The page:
What was it like working on the lead mapping initiative in Rhode Island when you were doing your MPH?
To this day, Dr. Patrick Vivier has been one of the most important mentors in my career. Throughout my MPH degree, I was fortunate enough to have a graduate research assistantship under the wonderful mentorship of Dr. Patrick Vivier. Just prior to the start of my graduate work, the State of Rhode Island, then Attorney General Patrick Lynch sued the lead paint companies for creating a public nuisance. Although the trial resulted in a hung jury, DuPont donated 12.5 million dollars to the State of Rhode Island to both research, remediate and educate the public about lead-based paint hazards and lead poisoning. A portion of this funding, went to Brown University, specifically led by Dr. Patrick Vivier, to provide the research support to determine where this investment would be most effective. As part of my MPH thesis work and graduate assistantship, I served with Dr. Patrick Vivier on the Attorney General’s Lead Paint Commission, which was set up to design a statewide targeted primary lead poisoning prevention program. This was an invaluable learning experience for myself, a recent college graduate, and I think exemplifies the wonderful and unparalleled opportunities that Brown University Public Health students are able to have in Rhode Island through the partnership with the Rhode Island Department of Health and through the wonderful mentors at the School of Public Health.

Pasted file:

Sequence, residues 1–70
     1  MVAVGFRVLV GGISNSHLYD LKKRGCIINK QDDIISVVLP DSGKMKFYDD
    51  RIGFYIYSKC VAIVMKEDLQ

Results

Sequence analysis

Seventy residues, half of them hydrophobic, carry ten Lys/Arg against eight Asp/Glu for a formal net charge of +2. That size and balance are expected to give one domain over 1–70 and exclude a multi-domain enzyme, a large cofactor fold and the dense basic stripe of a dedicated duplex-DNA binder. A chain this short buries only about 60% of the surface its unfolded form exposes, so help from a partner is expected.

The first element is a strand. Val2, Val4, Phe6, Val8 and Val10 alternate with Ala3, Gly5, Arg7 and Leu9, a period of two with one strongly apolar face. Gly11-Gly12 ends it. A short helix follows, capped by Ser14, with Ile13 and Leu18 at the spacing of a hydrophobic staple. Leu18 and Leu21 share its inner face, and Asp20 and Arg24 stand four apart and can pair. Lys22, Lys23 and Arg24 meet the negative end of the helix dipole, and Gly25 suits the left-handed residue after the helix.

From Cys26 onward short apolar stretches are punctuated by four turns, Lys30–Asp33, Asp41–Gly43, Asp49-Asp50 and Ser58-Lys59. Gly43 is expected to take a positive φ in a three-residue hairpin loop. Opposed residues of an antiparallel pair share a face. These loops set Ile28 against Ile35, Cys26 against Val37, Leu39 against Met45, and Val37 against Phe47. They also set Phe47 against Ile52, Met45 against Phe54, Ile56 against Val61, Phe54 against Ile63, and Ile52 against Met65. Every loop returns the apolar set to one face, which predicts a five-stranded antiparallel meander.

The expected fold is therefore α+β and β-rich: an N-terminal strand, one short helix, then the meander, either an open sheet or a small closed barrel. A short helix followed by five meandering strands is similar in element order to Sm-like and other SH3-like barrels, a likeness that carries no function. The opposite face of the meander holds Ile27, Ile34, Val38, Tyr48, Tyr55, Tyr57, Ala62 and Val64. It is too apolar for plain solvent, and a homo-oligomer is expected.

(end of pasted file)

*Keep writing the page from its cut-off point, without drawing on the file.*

Per Dr. Patrick Vivier’s guidance, I took as many courses as I could find at Brown to master geospatial analysis techniques so that I could provide this expertise to the Commission and so that we could use data and spatial analysis techniques to inform the targeted primary lead poisoning prevention program so that these funds would have the biggest impact in preventing childhood lead poisoning throughout Rhode Island. Through research, we were able to develop an algorithm that relied on Census Data (Housing, Poverty, and Children Under the Age of 6) and RI Department of Health Childhood Lead Poisoning Prevention Program lead surveillance data to develop a systematic approach in identifying census block groups (i.e. neighborhoods) that were at the highest risk of childhood lead poisoning and would thus benefit the most from this investment.
What did you take from your MPH degree at Brown that you use in your career?
Although I always knew I wanted to be a physician and specifically a pediatrician, despite my applied math and pre-med background at Brown, I was very much unaware of the field of epidemiology and public health and the power of this field to help individuals and especially children before they ever get sick and need to come to the hospital and see a doctor.
My experience under the mentorship of Dr. Patrick Vivier through my graduate research assistantship instilled in me the importance of public health and especially spatial analysis techniques as an effective way of presenting complex data to varied audiences that is easy to understand. Dr. Vivier instilled in me that with each project, just as important as an academic product, there should be a deliberate emphasis on the application of the research, so that it directly benefits those who are being researched or affected by the exposure at hand. This is a value that I found embedded throughout my experience at the Brown School of Public Health.